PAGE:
No one hires employees just to fire them. Many entrepreneurs do all they can to avoid firing someone. There’s a reason for that. Firing is the worst part of being a boss. It’s breaking off a relationship with someone you’ve worked alongside — sometimes for years. It sucks.

Sometimes tough decisions need to be made for the greater good.

The question is, are you sure it’s for the greater good?

As much as the act of firing sucks, it’s still easier for many leaders to do than putting in the hard work required each day to making your employees successful. That’s especially true when you can delegate the act of firing to someone else.

Firing people can break company cultures. It can turn employees against leaders. Will your employees grow closer as a team through the tough times in the wake of a firing? Or will they team up against you as a leader for how you handled letting someone go?

Surprised by being let go

Firing should never be a surprise

Most companies focus heavily on performance-related expectations while expectations around conduct are left in the employee handbook that nobody reads.

Set the expectations for what’s expected of your employees from day one.

When it comes time to make a tough decision, it should be clear to everyone around them why they’re being let go. Your job as a leader is to help your employees be successful. So, if you’re firing someone for performance-related reasons and you haven’t exhausted everything you can to help them succeed, firing them is a failure on you — their leader.

Letting them go for a breach of conduct should also not be a surprise when everyone at your company lives the core values each day. When someone breaks them, it’ll stick out like a sore thumb.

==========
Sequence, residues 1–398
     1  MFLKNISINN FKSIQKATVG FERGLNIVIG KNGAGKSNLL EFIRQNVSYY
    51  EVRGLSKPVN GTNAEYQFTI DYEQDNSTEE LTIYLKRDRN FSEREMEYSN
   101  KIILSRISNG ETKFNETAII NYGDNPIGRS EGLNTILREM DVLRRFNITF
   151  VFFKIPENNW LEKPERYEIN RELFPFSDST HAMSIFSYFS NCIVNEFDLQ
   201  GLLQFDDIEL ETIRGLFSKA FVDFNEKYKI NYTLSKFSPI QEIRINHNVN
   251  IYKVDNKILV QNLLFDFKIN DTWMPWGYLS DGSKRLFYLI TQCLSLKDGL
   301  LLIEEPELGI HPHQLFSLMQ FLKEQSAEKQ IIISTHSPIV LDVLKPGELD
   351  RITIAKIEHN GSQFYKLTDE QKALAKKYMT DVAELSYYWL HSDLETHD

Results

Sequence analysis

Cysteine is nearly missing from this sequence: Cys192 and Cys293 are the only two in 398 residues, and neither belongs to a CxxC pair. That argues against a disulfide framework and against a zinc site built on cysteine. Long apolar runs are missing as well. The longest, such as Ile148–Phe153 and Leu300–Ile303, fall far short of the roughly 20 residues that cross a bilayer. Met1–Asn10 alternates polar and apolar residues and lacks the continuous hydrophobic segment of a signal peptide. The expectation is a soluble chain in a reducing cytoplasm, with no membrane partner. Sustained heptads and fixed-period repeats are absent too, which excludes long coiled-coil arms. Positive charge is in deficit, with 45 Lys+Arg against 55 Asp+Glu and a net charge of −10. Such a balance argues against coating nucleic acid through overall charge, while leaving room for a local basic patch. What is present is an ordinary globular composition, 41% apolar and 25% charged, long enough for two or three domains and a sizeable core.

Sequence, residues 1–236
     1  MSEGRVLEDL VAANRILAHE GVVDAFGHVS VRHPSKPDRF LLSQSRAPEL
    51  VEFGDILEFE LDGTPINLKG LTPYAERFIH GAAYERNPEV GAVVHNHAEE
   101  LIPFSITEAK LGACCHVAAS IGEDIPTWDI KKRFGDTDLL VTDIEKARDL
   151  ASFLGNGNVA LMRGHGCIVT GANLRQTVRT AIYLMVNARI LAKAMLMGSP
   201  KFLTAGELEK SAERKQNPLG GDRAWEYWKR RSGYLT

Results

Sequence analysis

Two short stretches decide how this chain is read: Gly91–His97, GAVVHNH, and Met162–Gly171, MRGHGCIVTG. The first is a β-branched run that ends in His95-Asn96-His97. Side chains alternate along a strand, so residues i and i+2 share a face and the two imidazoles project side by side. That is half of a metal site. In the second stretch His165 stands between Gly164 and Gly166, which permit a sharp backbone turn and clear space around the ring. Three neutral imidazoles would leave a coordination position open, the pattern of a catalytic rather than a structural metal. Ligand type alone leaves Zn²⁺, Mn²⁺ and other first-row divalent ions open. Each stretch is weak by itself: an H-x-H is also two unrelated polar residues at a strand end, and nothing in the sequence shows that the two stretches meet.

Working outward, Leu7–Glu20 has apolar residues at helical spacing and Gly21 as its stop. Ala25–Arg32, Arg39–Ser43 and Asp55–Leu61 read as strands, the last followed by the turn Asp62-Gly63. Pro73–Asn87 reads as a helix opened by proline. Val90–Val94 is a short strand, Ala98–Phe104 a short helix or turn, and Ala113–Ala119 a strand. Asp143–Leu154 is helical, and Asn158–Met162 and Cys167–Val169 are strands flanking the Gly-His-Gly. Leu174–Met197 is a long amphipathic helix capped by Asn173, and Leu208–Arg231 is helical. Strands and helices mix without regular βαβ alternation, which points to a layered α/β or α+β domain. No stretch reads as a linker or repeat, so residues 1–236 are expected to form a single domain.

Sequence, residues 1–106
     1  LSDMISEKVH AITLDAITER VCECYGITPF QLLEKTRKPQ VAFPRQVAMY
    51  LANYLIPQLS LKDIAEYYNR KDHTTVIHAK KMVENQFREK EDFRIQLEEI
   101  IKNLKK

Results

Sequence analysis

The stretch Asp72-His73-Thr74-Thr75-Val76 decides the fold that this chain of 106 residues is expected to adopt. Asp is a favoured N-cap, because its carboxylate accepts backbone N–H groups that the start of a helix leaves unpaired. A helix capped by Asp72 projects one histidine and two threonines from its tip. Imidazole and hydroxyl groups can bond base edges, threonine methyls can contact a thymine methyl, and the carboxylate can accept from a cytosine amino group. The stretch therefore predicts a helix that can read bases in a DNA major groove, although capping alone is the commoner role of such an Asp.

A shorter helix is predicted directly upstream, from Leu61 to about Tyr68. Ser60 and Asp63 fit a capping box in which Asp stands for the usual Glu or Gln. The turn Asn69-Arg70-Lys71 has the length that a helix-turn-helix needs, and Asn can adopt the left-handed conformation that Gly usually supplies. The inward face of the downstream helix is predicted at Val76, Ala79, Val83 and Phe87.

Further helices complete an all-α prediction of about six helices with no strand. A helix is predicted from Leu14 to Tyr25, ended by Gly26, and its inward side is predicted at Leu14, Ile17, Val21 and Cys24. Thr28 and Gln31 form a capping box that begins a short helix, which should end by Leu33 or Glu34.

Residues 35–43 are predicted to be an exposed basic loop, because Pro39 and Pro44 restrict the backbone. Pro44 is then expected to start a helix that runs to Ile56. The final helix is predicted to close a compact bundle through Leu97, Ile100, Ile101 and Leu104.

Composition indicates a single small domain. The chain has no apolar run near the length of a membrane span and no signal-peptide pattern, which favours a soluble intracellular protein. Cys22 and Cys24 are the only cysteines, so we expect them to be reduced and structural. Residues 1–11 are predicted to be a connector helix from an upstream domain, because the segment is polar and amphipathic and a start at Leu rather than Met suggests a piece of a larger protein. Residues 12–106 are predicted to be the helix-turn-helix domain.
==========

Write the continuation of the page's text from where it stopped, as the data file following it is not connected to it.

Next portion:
Throw away your annual performance reviews

Too many companies rely on reviews that force managers to try fitting someone’s conduct into a fill-in-the-blank sheet. Too many managers try a cookie-cutter approach to filling out yet another piece of paperwork.

One of my favorite stories comes from Darrin, who worked for a government entity prior to working for me. As a remote employee, Darrin received his annual reviews electronically. One year, his boss had remarked how, “…Gale does a great job…”

When Darrin asked his boss about it, he laughed it off by explaining he copy and pasted the reviews from one person to another. He simply must’ve forgotten to replace Gale’s name with Darrin’s on the review. How personal.

Instead of waiting for an annual review or faking performance reviews, you should constantly be coaching your employees. When you see something that’d fit in a review, don’t wait for the next formal review. Let your employees know right away. If it’s positive, give the immediate affirmation. If it’s a warning flag that could indicate a bigger issue, nudge them in the right direction.

Right Person Wrong Seat

Are they the right person in the wrong seat?

Christian was hired onto a team of artists at Digital-Tutors. He had a great work ethic, a great attitude, and wholeheartedly followed our core values. He was a great cultural fit.

Unfortunately, as Digital-Tutors grew, it became apparent his artistic skills weren’t up to our standards. I tried everything I could think of to help him grow. Nothing was working.

Finally, I sat down with my leadership team and decided to move him to technical support. The result was similar. Great work ethic and attitude but his performance was lacking.

Still, I wasn’t willing to give up an employee who was a perfect cultural fit for my company. I tried again, this time moving Christian to our production team.

He blossomed.